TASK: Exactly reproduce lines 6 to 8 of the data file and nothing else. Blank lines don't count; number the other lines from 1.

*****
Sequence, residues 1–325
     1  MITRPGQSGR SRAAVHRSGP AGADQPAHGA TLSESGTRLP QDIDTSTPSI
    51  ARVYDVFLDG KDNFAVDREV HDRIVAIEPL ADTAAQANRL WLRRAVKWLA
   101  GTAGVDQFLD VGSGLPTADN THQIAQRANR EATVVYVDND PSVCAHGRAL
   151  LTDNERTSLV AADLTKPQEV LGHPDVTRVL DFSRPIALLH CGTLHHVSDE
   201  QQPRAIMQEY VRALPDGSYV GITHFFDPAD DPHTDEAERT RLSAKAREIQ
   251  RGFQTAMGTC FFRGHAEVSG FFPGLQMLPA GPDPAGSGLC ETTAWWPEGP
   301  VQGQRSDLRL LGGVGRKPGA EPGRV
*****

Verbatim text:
   201  QQPRAIMQEY VRALPDGSYV GITHFFDPAD DPHTDEAERT RLSAKAREIQ
   251  RGFQTAMGTC FFRGHAEVSG FFPGLQMLPA GPDPAGSGLC ETTAWWPEGP
   301  VQGQRSDLRL LGGVGRKPGA EPGRV